The massive tax shelter schemes orchestrated by four ex-partners at the accounting firm of Ernst & Young continue to make news, long after their convictions. In fact, one of the questions that I see most at “ask the taxgirl” is whether I’ve heard any news about those who were convicted last May. My answer, some of you will be pleased to know, is now yes. Last week, sentences were handed out for four of the partners involved a series of tax shelter schemes found to be illegal.

Richard Shapiro and Brian Vaughn were sentenced last Friday. Shapiro received a prison term of two years and four months. Vaughn will do a little less, with a year and eight month sentence.

The day before the sentencing of Shapiro and Vaughn, another defendant, Robert Coplan, was fined $75,000 and sentenced to three years in prison. A fourth defendant, Martin Nissenbaum, was sentenced to two and half years in prison and a $100,000 fine. Both men were also ordered to perform 120 hours of community service annually for three years. At least half of that service is to counsel tax professionals about their experiences – you know, what not to do.

None of the defendants remains employed by Ernst & Young – no surprise there. The company has distanced itself from the four, though the judge noted that they likely didn’t act alone. “I understand there was pressure coming from higher-ups at Ernst & Young,” U.S. District Judge Sidney Stein told Coplan. In the end, though, it was not an excuse for the behavior which is estimated to have cost taxpayers billions of dollars.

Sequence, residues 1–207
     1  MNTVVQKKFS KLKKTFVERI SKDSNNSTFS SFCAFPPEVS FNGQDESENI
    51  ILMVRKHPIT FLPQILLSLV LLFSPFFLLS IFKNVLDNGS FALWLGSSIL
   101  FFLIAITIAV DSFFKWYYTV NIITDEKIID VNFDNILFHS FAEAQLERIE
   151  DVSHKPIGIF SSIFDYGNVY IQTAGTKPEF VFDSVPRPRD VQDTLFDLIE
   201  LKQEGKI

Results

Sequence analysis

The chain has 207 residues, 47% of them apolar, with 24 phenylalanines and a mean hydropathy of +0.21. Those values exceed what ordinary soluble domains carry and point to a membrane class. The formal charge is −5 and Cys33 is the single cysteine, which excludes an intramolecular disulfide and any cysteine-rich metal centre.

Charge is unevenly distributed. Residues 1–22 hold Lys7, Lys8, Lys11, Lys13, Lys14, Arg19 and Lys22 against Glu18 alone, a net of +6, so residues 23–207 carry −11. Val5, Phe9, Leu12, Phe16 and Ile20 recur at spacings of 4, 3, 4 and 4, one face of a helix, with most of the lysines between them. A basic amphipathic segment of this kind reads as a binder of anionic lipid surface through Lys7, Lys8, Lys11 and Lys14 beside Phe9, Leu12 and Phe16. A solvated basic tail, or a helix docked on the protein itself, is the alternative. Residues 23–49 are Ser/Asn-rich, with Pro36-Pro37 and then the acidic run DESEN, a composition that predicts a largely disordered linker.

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Author

Kelly Erb is a tax attorney and tax writer.

Comments

  1. Unfortunately, I know one of the defendants, had invited him to speak at events and was a member of several planned giving boards at previous jobs.

    The point I want to add was the use of the so-called “tax opinion” letters written by law firms. Drives me nuts when promoters of questionable schemes pull out those letters. It could be from the biggest law firm in the world, but it is still worthless – unless it’s a private letter ruling from the IRS.

  2. echo22@live.com Reply

    I agree with the above post. Always wondered why the law firm was never indicted. Seems like without their participation none of this would have gotten off the ground. Without the opinion letter would anyone have even invested in any of these transactions?

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